Any movies in the works?
I did a movie in Uruguay this year [The Informers]. It has Winona Ryder, Billy Bob Thornton, Mickey Rourke. I'm in it a little too, but not enough to mess anything up. It should be interesting with that cast. I don't know the release date. I usually miss openings because I'm off someplace singing.
What's on your iPod these days?
I don't have an iPod, but I have been listening to Nicole Atkins. She is the best singer you are gonna hear in a long time. Really, really worth checking out!
What books are you reading on the road?
I read Atlas Shrugged. I like that it lasts a whole tour! I also read Oxford American magazine. They always have great stuff about... music, film... damn near anything cool is covered there.
What was the last movie you saw?
I just watched Ocean's 11 (with Dean and Frank and Sammy), and I think when people today try to put a cigar in their mouth and a hat on their head they still fall short of these classic hipsters. But we keep on trying.
You said Best of was compiled to make a "good driving mix" — that said, what model car would you prefer to drive?
I have a '64 Chevy Nova. When I take a long trip in it, I usually bring my boom box and plug it in the cigarette lighter. Great ride, and room for lots of guitars, amps, or surfboards.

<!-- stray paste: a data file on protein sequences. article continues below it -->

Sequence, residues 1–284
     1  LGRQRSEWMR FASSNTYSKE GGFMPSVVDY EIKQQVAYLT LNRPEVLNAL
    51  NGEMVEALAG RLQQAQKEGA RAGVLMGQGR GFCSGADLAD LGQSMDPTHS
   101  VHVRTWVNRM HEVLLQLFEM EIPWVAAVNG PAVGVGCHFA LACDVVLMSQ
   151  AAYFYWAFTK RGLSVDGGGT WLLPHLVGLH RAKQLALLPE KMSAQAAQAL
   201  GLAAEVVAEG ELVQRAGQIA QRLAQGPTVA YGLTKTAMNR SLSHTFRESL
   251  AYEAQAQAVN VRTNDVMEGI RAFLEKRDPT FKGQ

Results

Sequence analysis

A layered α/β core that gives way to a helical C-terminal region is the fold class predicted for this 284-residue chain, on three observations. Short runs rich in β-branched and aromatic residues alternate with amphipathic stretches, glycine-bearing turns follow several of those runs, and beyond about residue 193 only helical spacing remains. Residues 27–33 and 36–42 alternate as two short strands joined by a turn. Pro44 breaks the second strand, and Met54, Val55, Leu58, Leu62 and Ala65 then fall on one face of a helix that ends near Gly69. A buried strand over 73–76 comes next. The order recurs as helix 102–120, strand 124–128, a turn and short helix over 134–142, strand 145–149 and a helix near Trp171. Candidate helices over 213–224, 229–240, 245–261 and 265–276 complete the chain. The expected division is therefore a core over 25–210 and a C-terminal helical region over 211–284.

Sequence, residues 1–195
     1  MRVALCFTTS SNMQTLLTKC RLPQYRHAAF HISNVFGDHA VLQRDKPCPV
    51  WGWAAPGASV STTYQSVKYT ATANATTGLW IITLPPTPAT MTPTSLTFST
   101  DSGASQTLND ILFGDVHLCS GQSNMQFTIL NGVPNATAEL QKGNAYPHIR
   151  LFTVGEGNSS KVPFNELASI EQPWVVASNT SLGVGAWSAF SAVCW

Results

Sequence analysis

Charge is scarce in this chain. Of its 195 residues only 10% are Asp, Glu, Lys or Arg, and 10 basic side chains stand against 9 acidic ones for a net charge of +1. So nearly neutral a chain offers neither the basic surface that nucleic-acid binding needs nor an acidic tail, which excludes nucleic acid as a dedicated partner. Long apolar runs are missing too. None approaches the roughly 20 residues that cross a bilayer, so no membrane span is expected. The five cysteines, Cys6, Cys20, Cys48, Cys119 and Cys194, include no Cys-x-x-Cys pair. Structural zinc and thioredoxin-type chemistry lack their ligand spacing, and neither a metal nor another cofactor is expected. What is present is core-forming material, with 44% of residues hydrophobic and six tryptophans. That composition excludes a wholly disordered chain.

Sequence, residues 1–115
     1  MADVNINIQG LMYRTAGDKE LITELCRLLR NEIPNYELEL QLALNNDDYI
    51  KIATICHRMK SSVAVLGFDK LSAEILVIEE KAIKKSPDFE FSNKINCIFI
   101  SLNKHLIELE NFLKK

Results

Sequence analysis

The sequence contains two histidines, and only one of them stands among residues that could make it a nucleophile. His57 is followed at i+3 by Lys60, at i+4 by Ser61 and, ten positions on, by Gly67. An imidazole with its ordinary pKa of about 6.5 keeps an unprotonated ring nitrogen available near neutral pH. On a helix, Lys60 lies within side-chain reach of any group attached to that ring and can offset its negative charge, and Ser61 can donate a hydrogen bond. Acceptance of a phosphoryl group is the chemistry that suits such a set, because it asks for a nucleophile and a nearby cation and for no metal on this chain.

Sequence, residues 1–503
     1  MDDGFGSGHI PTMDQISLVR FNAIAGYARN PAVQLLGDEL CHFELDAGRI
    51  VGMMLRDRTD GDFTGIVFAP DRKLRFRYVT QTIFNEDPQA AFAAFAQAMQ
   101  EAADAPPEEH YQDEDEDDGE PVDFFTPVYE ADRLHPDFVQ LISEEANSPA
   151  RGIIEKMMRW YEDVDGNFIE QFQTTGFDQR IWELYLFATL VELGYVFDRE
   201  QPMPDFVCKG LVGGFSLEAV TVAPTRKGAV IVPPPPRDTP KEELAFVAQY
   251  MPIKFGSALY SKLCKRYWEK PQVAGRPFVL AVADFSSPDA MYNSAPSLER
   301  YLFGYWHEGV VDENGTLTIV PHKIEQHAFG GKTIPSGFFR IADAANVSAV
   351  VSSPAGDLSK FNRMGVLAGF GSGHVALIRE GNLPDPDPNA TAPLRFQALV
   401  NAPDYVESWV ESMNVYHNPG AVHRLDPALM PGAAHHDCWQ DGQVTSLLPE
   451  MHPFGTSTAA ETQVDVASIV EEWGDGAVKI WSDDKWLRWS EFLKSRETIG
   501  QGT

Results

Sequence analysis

Merle Haggard I had the pleasure to meet out on the road. We were both playing at different ends of a small shopping area in two different theaters. He played a little earlier than us, so I snuck out and saw his show. He has written so many classics... and then talking to him, he couldn't be a nicer, down-to-Earth guy. I asked him about a prison he "attended" as a kid, one that my folks would point at and warn me "bad boys go there." It scared me enough that I stayed out of trouble.
Doris Day, Debbie Reynolds, both classic. Just met Debbie while doing a TV show; she is as cute and wild as ever. A born performer. I would like to meet Doris Day. I hear she is a big lover of animals and has done a lot to help animal rights. She sounds like a class act.
I have Peggy Lee in my car all the time... well, at least the recording. She really can sing so... pretty... and you still believe it came from the heart. That is all I could ask for.
As far as boxers, I will say my favorites all have great nicknames. Tommy "Halfamellon" Tedulle, Darrel "Pieman" Jones. You gotta have a nickname.
Somebody Up There Likes Me or Requiem for a Heavyweight?
Raging Bull or Rocky?
Raging Bull and Rocky, both great. I love a good fight film. I think there is one called The Set Up with Robert Ryan; that is my favorite.
I can't rate Elvis films. Won't try.
Nashville or Memphis? Luaus or rodeos? Planes or trains? Long board or short?
If someone offers me a trip to Nashville or Memphis and says we are going to start at the Sands or the Flamingo, then stop off for a rodeo or a luau and we will be taking a train, then I will bring my long board and head out.